On Monday July 14th, the Lab announced the opening of their new Experience Keys activity – The Cornfield. I didn’t have much of a chance to look at things myself at the time, but simply had a quick nose around. This being the case, I hopped back when time allowed and took a closer look.
First, the new Portal Park. Whereas the Linden Realms Portal Parks were fairly minimalist, being intended purely as waypoints to get to that game – which, I understand, the Lab has plans to update at some point in order to take advantage of Experience Keys – the new Portal Park design is far more of a hub, and so has a richer design.
A central landing point offers a paved area with seats, flowerbeds and access to eight areas reached by short paths. These are: The Cornfield, Linden Realms, the Premium-only Magellan Hunt, the Wilderness Experience (which I missed noting during my brief visit on July 14th), what appears to be an as yet unnamed entrance to a sci-fi / post apocalyptic experience (not currently open), a social area, a Gnome Village and a Tea Party glade (where the LDPW and members of Linden Lab were enjoying themselves following the opening of the Park on July 14th). Whether these latter two are intended to become the entrance-point for future experiences or simply places for users to meet and chat, I’ve no idea.
Each of the active games has a dedicated teleport portal, and the area in which the portal stands is themed on the game itself; so The Cornfield has an old barn containing its portal, for example, and the Linden Realms portal sits in a little meshy / cartoony space. Only The Cornfield is currently Experience Keys enabled – Linden Realms, the Magellan Hunt and the Wilderness Experience are all pretty much as they always have been since each opened in SL.
An interesting point of note with Experience Keys is that until such time as the viewer-side updates have filtered through to all viewers, you don’t actually need to run the Project viewer in order to participate in an experience; any viewer is capable of receiving an initial invitation to join and Experience, and will allow you to do so. However, as the Experience Keys project viewer provides a lot more information about any given Experience and allows you to see what is happening with your avatar, it is perhaps preferable to use it until the viewer-side code is more widely integrated into viewers.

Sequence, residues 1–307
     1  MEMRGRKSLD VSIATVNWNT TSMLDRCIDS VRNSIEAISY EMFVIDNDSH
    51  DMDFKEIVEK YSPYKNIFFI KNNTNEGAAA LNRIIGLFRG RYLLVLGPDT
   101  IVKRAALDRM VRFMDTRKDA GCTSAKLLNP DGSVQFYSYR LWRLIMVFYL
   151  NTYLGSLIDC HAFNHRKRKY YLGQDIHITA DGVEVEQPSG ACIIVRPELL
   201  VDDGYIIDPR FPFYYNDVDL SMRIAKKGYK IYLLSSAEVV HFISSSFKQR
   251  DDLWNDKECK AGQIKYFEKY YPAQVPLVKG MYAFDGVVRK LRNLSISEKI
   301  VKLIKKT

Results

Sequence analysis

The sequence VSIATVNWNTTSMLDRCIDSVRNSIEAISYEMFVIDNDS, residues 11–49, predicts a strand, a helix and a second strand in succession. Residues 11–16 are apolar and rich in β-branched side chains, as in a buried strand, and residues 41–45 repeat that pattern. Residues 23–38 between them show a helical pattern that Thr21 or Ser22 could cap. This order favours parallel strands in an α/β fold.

As you approach the teleport portal for The Cornfield, a dialogue box is displayed, asking if you wish to participate. The information displayed by this dialogue box will vary, depending upon whether you are using the Experience Keys project viewer or not.
If you’re running the Experience Keys project viewer, clicking on the name of the Experience in the dialogue box opens the Experience Profile, allowing you to find out more about it.
Allowing the Experience via the dialogue box will permit you to pass through the portal and be delivered to the start of the game area, inside another barn. Here you’ll find yourself equipped with a large basket, some basic armour, a large plank of wood, and a HUD. Clicking the “?” on the HUD will deliver the game instructions to you.
The Cornfield is, at its most basic, very similar to Linden Realms – you spend your time running around, avoiding monsters (mutated “griefers” in this case), collecting corn cobs, jars of moonshine, and coins, rather than different coloured gems. However, there is also a lot more going on here.
For a start, the griefers come an a variety of forms, and are far more persistent than the rock monsters in Linden Realms. Some of them are also more cunning. Not only will they pursue you, they will gang up on you, stalk you and – if given a chance, kill you. The latter will cause your avatar to be teleported to the Safe Zone of the graveyard in one corner of the game region.